Roland wrote:Question: Are the clouds of Magellan galaxy's or are they galaxy fragments? I don't see any evidence that there is a galaxy core or black hole that normal galaxy's seem to show. Therefore to me they seem more like galaxy fragments, as in the debris from a galaxy merge.
The Large Magellanic Cloud doesn't have a core. Not all galaxies do. A galaxy is a collection of baryonic matter (stars, gas, planets etc) and non-baryonic matter (dark matter) that isn't a part of a larger galaxy, and that is held together by self-gravity.
The Clouds of Magellan.
Photo: John Gleason.
The Large Magellanic Cloud.
Photo: Eckhard Slawik.
The clouds (make that nebulas) of the Large Magellanic Cloud are just parts of the galaxy as a whole. Therefore, they are not "galaxy fragments".
However, the APOD we are discussing, seen at left, doesn't show us the large Magellanic Cloud as a whole. To see what the entire galaxy looks like, including the clouds seen in the APOD, check out the picture at right. Look at the complex of pink clouds near the center of Eckhard Slawik's picture. These pink clouds are the magnificent Tarantula nebula and associated nebulosities. They are what you see in the APOD. But the APOD shows them in so called "representative colors", so they don't look pink there. Myself, I prefer RGB images, like the picture at right.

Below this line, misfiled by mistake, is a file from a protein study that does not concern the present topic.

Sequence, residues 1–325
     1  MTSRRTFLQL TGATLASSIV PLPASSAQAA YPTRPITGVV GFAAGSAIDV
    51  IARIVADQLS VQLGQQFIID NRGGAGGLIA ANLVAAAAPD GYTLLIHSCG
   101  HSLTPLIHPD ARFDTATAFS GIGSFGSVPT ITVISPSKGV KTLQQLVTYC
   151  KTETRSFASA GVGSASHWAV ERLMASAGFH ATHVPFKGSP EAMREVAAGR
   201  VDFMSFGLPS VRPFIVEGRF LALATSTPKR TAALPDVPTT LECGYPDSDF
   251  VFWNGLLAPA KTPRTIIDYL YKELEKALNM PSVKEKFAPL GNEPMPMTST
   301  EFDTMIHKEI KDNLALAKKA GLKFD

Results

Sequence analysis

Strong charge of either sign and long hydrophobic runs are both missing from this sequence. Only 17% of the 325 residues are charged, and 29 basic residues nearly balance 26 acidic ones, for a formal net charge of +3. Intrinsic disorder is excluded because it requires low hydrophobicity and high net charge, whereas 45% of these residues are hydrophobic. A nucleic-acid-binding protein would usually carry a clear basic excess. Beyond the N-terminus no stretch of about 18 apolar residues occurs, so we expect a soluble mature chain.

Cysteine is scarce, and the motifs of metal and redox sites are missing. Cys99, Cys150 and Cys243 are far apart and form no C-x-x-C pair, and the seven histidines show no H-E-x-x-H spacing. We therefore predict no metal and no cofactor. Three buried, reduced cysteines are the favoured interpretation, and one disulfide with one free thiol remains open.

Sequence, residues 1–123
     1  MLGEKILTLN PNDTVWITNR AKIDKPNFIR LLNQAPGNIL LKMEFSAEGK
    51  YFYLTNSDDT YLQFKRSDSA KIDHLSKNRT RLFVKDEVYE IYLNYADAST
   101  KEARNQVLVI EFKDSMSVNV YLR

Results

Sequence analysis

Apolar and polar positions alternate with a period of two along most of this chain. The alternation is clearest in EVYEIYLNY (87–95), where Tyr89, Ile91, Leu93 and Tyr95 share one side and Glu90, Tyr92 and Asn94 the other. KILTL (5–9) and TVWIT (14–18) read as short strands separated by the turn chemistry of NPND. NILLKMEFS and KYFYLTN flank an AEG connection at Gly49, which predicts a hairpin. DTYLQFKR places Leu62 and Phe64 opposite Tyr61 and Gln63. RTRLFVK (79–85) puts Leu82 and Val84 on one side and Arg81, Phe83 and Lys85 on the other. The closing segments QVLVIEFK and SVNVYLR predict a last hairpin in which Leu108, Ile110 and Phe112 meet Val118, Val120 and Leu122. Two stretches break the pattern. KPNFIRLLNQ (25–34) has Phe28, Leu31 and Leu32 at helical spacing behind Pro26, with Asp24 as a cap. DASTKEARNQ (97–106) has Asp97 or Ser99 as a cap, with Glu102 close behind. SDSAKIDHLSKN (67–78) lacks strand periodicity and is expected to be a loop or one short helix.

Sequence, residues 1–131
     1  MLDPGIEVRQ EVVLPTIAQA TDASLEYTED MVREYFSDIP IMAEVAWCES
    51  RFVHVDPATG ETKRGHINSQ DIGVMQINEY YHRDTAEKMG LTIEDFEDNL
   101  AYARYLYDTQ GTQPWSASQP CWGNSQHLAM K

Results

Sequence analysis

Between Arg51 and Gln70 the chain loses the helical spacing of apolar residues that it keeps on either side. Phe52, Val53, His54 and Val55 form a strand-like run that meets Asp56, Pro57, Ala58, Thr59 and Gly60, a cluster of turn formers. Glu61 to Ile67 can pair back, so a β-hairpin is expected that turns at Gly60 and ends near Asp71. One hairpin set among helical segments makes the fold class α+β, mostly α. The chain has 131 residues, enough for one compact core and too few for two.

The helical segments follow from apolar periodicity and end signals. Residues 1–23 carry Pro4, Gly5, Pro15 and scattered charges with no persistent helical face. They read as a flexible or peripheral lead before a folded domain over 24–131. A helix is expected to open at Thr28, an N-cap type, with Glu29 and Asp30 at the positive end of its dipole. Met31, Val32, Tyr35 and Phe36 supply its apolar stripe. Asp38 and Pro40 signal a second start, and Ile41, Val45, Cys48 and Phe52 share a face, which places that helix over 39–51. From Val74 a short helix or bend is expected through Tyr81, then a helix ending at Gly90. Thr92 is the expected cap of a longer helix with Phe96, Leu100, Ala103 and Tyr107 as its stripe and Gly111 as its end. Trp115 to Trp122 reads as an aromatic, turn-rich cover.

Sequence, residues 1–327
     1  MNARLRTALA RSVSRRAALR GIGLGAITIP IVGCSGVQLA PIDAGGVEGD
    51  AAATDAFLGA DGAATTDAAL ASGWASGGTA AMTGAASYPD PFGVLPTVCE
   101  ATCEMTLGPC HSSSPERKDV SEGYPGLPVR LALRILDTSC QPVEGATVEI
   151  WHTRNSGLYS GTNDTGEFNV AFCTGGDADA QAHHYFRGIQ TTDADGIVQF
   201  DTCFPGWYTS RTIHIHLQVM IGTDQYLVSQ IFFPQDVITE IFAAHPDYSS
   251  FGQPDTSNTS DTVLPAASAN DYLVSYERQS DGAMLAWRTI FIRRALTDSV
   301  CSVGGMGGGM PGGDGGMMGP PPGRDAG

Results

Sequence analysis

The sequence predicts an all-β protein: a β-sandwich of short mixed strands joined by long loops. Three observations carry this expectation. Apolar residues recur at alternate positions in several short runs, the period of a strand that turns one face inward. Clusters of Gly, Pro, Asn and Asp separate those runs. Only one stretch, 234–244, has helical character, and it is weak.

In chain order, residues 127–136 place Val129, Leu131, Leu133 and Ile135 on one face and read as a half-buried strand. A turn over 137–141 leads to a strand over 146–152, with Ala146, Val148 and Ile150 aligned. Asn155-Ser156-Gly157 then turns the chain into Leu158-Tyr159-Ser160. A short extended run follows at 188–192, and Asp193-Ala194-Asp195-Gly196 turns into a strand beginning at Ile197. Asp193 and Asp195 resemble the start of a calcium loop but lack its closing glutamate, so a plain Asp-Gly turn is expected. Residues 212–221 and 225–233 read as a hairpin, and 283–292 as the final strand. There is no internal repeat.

The Phoenix Dwarf Galaxy.
Copyright: CHART32, processing: Johannes Schedler
NGC 4449. Photo: Rob Gendler.
Consider the two galaxies at left and right. At left is the Phoenix Dwarf Galaxy, a very puny, lightweight collection of stars, gas and dark matter. It doesn't have an obvious core at all. But it isn't a part of another galaxy, so it is a galaxy in its own right.
At right is NGC 4449, a galaxy that is similar to the Large Magellanic Cloud, except that it contains even more bright, large emission nebulas than the LMC. NGC 4449 is churning out stars at a prodigious rate. But just as is the case with the LMC, all the bright nebulas of NGC 4449 are just parts of the galaxy as a whole.